My name is Rob. I’m 27 years old and lived in Canberra for my whole life. I started using drugs when I was 13 but moved to injecting heroin when I was around 19 years old.
When I started injecting I had no idea what I was doing and had to get a friend to do it for me for the first couple times but noticed that he was quite rough while injecting me, which caused a big bruise on my arm. A few times he even missed the vein completely or pushed through it which left a massive welt on my arm. That’s when I thought that there was going to be no longevity in letting my friend inject me every time, and I decided to learn how to inject properly for myself.
One of the biggest things I found was that while injecting, once the needle is in the vein I needed to try and keep the needle as still as possible (which can be quite difficult to do if you need to pop off a tourniquet) so that the needle isn’t moving around and scratching up the inside of my veins.
Another good tip I learned was that if I was going to use a tourniquet to get my veins to the surface, once I had got the needle into the vein, I should loosen the tourniquet so that my blood flow isn’t cut off while I plunged. If the tourniquet isn’t loosened and am injecting a big amount (methadone) into the vein it can lead to the vein blowing out or rupturing.
I also learnt that the eye of the needle should always be facing the sky while injecting so that it flows into the vein smoother and is not going against the blood flow.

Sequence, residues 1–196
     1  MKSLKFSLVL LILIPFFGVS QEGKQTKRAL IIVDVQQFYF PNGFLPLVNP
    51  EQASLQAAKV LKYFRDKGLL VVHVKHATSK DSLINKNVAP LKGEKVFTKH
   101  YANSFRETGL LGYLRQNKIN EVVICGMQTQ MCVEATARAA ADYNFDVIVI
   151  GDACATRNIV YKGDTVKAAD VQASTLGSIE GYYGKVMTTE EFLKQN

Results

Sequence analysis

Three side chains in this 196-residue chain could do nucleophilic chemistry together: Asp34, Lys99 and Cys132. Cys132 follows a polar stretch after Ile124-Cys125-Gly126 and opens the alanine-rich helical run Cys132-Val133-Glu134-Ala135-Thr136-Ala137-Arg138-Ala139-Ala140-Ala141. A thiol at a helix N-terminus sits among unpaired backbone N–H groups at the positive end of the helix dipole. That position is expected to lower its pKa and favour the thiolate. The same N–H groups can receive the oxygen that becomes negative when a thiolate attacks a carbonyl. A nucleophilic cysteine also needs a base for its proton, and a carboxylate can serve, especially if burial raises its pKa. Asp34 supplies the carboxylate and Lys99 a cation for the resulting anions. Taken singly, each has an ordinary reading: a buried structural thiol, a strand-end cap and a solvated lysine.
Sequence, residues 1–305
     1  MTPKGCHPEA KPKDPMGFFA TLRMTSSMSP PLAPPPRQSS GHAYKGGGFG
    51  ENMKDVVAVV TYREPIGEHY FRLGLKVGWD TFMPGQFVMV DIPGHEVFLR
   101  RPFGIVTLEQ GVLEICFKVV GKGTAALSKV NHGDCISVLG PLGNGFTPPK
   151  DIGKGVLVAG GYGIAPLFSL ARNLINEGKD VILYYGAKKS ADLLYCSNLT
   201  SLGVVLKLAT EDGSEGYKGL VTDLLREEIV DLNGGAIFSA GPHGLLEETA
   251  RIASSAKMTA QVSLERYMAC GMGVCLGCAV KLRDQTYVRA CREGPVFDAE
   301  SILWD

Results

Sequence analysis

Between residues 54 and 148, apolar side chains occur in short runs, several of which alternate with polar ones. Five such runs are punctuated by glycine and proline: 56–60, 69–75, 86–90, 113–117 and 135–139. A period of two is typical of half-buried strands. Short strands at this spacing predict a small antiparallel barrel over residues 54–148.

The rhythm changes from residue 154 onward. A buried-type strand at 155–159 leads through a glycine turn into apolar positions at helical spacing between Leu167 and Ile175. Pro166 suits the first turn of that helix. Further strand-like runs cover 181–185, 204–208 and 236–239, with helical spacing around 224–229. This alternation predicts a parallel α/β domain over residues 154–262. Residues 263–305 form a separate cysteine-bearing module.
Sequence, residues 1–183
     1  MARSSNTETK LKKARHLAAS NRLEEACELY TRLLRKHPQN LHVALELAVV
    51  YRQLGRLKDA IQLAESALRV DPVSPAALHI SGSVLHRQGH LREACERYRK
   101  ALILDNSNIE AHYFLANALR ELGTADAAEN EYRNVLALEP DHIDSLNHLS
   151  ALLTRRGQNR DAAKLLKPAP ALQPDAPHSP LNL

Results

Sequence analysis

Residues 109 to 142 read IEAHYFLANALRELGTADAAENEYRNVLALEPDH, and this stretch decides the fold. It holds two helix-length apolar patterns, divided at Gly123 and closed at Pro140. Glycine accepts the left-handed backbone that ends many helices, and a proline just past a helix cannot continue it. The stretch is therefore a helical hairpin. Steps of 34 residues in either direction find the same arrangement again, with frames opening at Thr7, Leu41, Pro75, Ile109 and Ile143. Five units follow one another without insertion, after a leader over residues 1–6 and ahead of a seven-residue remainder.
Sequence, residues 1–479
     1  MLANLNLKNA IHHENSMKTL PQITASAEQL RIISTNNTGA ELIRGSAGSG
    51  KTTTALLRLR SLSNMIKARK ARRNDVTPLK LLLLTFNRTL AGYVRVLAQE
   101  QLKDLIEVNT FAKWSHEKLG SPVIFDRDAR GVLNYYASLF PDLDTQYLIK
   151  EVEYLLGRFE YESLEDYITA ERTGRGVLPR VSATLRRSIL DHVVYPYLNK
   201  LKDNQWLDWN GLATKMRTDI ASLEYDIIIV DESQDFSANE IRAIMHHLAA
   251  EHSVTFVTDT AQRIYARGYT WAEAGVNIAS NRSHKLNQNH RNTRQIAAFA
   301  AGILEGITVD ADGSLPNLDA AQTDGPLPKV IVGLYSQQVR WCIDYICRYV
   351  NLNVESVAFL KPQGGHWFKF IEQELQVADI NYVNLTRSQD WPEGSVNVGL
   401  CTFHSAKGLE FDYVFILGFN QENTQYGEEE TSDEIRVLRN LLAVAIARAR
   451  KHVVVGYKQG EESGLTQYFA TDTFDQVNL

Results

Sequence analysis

I would always use an alcohol swab to clean the injection site before using to get any contaminants off the skin.
Another especially important thing is to always, no matter what the circumstance, make sure to use clean and new equipment which can be found at any health centre for free, or some chemists may also sell them for a couple of dollars. I never reuse an old needle because after just one use they get blunt which makes harder to pierce the skin and easier to damage veins quite badly.
Another thing I find helps with vein care is to use pawpaw cream or any other sort of vein/skin care cream on the injection site after, to help heal the skin and keep veins/skin healthy, this will also reduce the possibility of scaring on the arms as well. (Note- If I use Hirudoid cream, I use it a few hours after injecting to let the crust form and close the injection site. Using Hirudoid immediately after injecting would prevent the crust formation, which would leave the site open for contamination with bacteria and all sorts of dirt. After the crust is formed, Hirudoid can be applied, as it works well as a scar prevention cream.
I would also rotate injection sites each time to give my veins a bit of a break as well. With these few simple and simple steps I have found that not only do I keep my veins healthier, but I also avoid any sort of blood born viruses or health risks associated with injecting.